The prevalence of current smoking among adults in Massachusetts was 23.5% (95% CI, ±1.4%) during the 3 years before implementation of the petition (1990 to 1992) and 21.3% (95% CI, ±1.2%) during the 3 years after implementation (1993 to 1995). In comparison, the prevalence of adult smoking declined 2.7% in California (from 20.1% [95% CI, ±0.9%] during 1990 to 1992 to 17.4% [95% CI, ±0.9%] during 1993 to 1995) and 0.8% in the 41 other BRFSS participating states combined (from 24.1% [95% CI, ±0.3%] during 1990 to 1992 to 23.4% [95% CI, ±0.2%] during 1993 to 1995).
Editorial Note from the CDC
The findings in this report indicate that, in the state of Massachusetts, the number of packs of cigarettes taxed per capita decreased significantly during 1992 to 1996, following implementation of a ballot petition to increase the excise tax on cigarettes and initiate an antismoking campaign. This change was similar to decreases in California, the only other state to initiate an extensive statewide antismoking campaign in conjunction with an increase in cigarette taxes. However, complexities related to the accurate measurement of changes in smoking prevalence among adults in Massachusetts require further study to determine the combined impact of the excise tax increase and antismoking campaign on adult smoking prevalence in the state.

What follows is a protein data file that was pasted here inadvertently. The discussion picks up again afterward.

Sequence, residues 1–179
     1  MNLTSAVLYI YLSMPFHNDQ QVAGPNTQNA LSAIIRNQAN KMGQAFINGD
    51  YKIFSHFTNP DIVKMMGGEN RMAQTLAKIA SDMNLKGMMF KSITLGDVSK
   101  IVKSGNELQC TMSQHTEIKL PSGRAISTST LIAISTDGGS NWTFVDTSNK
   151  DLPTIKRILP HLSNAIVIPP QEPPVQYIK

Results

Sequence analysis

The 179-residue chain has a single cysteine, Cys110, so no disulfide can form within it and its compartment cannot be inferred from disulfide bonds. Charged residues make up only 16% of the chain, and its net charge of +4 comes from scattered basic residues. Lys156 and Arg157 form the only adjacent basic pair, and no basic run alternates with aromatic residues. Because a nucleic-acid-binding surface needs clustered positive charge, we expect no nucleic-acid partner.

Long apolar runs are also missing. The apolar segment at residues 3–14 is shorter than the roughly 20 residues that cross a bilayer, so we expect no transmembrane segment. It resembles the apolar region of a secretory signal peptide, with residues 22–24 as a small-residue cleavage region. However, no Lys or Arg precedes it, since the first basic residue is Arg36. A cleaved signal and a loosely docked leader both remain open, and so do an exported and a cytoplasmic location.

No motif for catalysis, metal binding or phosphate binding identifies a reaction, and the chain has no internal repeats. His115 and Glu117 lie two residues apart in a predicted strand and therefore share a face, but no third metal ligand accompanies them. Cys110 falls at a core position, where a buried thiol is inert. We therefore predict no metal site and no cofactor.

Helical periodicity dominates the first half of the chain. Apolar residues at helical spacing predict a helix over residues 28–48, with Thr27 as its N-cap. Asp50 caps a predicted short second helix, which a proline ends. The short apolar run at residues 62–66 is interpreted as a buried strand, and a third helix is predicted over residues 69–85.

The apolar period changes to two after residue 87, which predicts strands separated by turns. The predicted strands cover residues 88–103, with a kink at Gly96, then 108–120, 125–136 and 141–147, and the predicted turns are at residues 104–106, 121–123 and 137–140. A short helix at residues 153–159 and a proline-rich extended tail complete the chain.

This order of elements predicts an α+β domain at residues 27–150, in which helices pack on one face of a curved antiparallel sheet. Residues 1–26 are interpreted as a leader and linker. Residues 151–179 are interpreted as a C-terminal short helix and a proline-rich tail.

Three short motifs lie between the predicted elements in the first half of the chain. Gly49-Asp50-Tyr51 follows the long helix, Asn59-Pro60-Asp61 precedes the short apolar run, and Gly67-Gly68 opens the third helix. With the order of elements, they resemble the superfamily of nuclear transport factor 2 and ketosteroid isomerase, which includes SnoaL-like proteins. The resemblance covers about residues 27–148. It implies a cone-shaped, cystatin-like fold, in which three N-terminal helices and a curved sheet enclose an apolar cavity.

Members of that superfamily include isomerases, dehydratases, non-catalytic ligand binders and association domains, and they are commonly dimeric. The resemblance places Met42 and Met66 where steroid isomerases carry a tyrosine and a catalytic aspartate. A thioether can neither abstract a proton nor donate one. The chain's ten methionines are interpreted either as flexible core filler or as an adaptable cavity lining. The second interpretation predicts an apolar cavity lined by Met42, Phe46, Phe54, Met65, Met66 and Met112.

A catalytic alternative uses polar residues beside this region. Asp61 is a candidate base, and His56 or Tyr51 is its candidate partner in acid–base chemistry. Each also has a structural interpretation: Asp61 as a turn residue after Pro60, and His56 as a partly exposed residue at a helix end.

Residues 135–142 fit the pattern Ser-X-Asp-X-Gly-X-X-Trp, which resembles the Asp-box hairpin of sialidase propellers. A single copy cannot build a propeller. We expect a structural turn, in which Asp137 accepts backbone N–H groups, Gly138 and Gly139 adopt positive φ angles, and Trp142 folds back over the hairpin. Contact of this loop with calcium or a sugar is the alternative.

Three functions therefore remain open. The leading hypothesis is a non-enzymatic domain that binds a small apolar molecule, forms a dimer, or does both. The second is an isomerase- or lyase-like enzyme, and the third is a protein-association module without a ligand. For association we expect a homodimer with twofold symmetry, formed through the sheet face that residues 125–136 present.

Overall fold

Although some smokers in states that implement increased cigarette excise taxes may attempt to avoid higher prices by purchasing cigarettes in neighboring states with lower prices, the 19.7% decline in per capita consumption of cigarettes in Massachusetts during 1992 to 1996 probably reflects the effects of the tax increase and antismoking campaign rather than increased cross-border purchases by Massachusetts smokers. During 1993 to 1994, cigarette excise taxes in Connecticut and Rhode Island were increased to levels comparable with those in Massachusetts; however, in New Hampshire, the real price of cigarettes declined during 1992 to 1993, and taxable cigarette consumption increased by 17 million packs. Increased taxable consumption in New Hampshire may reflect either a real upward trend in smoking by state residents or increased cross-border purchases by Massachusetts smokers. However, even if the 17 million-pack increase were attributed entirely to cross-border purchases by Massachusetts smokers, the decline in per capita consumption in Massachusetts during 1992 to 1996 would still have been 17.0%, a significant reduction.